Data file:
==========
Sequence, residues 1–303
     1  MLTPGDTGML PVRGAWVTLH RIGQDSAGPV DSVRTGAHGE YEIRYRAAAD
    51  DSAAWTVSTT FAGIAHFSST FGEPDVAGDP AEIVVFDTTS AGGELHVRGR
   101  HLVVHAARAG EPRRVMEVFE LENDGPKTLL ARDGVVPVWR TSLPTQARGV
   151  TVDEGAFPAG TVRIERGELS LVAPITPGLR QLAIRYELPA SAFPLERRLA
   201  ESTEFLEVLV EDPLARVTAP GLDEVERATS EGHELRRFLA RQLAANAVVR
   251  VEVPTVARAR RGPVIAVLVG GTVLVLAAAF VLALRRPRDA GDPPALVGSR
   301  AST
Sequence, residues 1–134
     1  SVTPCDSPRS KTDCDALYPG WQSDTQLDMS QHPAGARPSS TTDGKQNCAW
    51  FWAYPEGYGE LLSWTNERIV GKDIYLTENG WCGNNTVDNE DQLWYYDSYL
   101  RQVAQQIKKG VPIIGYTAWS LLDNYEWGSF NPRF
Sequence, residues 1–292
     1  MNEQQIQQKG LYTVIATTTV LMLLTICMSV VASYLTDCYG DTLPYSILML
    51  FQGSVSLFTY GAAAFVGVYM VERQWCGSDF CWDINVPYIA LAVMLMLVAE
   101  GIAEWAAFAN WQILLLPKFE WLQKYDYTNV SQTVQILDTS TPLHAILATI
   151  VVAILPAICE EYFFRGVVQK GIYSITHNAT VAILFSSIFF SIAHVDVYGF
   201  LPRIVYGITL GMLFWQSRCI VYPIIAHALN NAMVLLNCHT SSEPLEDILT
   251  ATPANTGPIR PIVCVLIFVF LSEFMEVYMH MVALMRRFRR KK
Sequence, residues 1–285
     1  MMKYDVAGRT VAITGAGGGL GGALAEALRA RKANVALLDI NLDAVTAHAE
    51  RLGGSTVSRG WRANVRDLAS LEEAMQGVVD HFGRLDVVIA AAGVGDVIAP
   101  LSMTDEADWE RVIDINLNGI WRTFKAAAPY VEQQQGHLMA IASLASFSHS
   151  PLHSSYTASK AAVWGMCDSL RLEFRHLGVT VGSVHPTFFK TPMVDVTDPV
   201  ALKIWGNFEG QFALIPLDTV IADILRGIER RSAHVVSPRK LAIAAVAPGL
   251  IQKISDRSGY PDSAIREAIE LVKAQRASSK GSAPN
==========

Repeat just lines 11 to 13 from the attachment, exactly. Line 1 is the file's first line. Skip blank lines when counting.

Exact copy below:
    51  FWAYPEGYGE LLSWTNERIV GKDIYLTENG WCGNNTVDNE DQLWYYDSYL
   101  RQVAQQIKKG VPIIGYTAWS LLDNYEWGSF NPRF
Sequence, residues 1–292